The Moral Economy

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University of Michigan Press, 2000 - Business & Economics - 296 pages
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When all the momentous current changes in technology and social structure have run their course, we will have created a new world society. Will this society--the total complex of who we are and how we behave--resolve our major economic and social problems? This is the question that John P. Powelson addresses in his provocative new book, The Moral Economy.
In his discussion of worldwide problems--including poverty, the environment, population growth, ethnic bias, welfare, social security, and health care--Powelson proposes that solutions to social problems are best sought in a greater balance of power among social groups. He explains how to design institutional structures, like government, education, and religion, that will permit conflict to be resolved peacefully and fairly. He also shows how a moral economy--a balance between interventionism and libertarianism--and economic prosperity are mutually reinforcing.
The Moral Economy proposes a desirable world that is historically possible, if certain trends of the past millennium are continued into the next, and if world power becomes more diffuse. As we enter the twenty-first century, it looks to the horizon to suggest what a distant future might bring.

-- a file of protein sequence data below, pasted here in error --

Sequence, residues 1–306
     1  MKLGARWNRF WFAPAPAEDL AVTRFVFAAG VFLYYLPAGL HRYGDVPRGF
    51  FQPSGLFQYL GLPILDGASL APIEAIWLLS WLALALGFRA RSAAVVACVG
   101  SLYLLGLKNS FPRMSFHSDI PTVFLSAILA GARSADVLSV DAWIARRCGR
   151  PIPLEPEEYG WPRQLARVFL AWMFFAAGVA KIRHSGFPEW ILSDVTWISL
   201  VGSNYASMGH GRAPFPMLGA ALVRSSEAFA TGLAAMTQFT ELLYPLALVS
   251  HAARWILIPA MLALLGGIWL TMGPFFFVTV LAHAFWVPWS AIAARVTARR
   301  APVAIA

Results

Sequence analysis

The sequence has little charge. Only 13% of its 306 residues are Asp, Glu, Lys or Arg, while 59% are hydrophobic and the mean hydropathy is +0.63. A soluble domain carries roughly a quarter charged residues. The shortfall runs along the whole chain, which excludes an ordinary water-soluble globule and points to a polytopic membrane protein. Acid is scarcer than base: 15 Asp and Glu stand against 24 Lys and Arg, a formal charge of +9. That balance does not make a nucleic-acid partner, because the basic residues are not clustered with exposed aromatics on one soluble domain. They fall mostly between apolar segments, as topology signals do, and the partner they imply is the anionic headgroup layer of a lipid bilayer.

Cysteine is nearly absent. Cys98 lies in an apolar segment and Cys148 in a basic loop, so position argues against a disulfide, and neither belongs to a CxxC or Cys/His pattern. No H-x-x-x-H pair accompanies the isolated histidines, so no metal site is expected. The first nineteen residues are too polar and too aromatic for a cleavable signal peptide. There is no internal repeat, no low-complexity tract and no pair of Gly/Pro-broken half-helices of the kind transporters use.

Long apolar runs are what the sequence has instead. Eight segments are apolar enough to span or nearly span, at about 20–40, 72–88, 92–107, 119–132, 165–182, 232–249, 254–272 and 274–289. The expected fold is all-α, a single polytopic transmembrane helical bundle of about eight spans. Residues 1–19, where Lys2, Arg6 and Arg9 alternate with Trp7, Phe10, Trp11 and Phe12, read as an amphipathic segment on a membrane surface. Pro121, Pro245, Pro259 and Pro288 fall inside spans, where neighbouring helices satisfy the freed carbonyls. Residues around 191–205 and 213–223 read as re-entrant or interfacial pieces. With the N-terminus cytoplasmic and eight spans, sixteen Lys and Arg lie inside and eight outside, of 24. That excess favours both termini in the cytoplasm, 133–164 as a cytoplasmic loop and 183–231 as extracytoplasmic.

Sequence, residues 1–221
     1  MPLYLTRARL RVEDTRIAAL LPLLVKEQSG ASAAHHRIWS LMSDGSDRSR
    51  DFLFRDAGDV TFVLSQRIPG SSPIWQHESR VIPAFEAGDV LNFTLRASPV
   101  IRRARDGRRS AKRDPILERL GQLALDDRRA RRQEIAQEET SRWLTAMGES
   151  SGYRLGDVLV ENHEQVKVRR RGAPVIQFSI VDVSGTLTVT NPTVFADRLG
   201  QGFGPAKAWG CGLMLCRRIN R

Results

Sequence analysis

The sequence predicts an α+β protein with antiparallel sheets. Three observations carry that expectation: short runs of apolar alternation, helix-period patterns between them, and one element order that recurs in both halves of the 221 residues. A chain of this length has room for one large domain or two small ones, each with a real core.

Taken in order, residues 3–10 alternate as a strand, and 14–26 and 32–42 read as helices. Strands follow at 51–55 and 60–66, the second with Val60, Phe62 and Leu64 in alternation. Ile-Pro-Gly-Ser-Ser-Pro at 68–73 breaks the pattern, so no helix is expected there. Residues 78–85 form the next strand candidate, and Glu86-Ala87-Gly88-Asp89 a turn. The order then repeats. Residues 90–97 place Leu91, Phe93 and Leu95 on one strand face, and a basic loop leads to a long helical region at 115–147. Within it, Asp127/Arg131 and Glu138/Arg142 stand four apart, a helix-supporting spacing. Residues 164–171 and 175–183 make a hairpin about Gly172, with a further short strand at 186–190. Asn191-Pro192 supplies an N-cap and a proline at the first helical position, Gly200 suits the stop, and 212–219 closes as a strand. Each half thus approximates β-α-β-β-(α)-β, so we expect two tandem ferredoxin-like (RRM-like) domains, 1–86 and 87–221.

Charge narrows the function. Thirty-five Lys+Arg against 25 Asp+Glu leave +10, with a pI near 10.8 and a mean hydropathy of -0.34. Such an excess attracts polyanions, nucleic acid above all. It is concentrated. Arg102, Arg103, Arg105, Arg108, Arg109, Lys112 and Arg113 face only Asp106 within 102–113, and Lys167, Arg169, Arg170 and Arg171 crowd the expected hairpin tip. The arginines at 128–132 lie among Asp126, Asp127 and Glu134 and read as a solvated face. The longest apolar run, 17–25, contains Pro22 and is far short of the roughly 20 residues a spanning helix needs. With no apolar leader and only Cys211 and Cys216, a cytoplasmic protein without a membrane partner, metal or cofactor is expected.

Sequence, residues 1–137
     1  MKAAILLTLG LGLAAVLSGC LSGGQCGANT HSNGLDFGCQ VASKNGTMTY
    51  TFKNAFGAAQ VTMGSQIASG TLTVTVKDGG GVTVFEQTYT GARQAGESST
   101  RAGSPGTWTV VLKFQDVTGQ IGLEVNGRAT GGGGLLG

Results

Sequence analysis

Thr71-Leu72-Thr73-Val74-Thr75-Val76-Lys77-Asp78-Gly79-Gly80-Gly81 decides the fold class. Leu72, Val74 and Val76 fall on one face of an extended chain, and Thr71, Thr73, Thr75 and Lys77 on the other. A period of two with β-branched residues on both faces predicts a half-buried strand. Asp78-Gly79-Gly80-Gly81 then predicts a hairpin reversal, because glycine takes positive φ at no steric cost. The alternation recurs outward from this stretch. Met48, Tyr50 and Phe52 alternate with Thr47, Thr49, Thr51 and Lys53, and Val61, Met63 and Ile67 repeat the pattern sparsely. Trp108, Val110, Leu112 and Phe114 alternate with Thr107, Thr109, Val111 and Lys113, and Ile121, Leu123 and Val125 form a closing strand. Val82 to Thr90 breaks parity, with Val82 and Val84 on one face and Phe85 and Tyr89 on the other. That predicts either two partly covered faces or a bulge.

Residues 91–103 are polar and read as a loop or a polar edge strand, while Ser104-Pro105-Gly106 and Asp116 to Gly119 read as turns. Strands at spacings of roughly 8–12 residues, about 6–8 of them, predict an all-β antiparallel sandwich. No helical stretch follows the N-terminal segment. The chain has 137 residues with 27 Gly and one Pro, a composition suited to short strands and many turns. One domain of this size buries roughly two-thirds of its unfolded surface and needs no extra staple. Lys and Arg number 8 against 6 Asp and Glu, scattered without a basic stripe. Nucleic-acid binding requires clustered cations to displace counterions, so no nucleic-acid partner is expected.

"[A] coherent and stunning scenario for the future of humankind. . . . a message for all epochs." --J. D. Von Pischke
John P. Powelson is Professor of Economics Emeritus, University of Colorado.
 

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Contents

Beyond the TwentyFirst Century
5
What When and How
8
Classic Liberalism
10
Balance of Power
11
Classic Liberalism and Interventionism
14
The Meaning of Liberal
16
Economic Morality and Institutions
18
Plan for This Book
19
The Wildest Hypothesis
119
Property Inflation and Money
120
Money and Inflation
128
Law Corruption Government Regulation and Taxes
138
Corruption
142
Government Regulation
148
Taxes
153
Education and Religion
160

Take Back the Word
20
Power and the Market
21
Vicarious Power
23
The Consumer and the Market
24
Intervention by the Private Sector
26
The PowerDiffusion Process
28
The History of Liberalism
32
Two Rules on Power
33
The Welfare State
35
Profit
36
Poverty
39
The Internal Gap
40
The Internal Gap Remains
41
The Internal Gap Narrows
49
Conclusion
55
Environment Population and Gender and Ethnic Bias
56
Pay the Cost
59
Global Warming and the Ozone Layer
63
Population
68
Inequality
72
Cultural Diversity and Affirmative Action
76
Conclusion
80
Welfare Social Security and Health Care
81
Welfare
82
Pensions and Social Security
86
Health Care
90
How Can Classic Liberal Arrangements Be Adopted?
97
Institutions of the Moral Economy
101
Accountability Trust and the Management of Resources
103
From Vertical to Mutual Accountability
104
Trust
110
Management of Resources
114
Religion
171
Morality and Values
176
Values
178
Respect for Human Rights
179
Confrontation and Compromise
185
A Moral Precept
190
Personal versus Business Morality
191
UkraineA Personal Interlude
195
Political Imperialism
196
Economic Failure
197
The Hostility of Russia
198
The Horizon
201
Separation of the Economic from other Subcultures
202
Economics as a Leading Force
204
Social Costs and Benefits
206
Redistributions of Income
207
Government
209
Nongovernmental Agencies
210
Education
211
Reorientation of Resources for Litigation and Behavior Control
212
Price Control and the Minimum Wage
213
War
215
CrossCultural Property Transactions
216
Compromise
219
The Case of a Less Developed Country
220
The East Asian Crisis of 199798
222
From Here to There
226
Notes
231
Bibliography
251
Index
265
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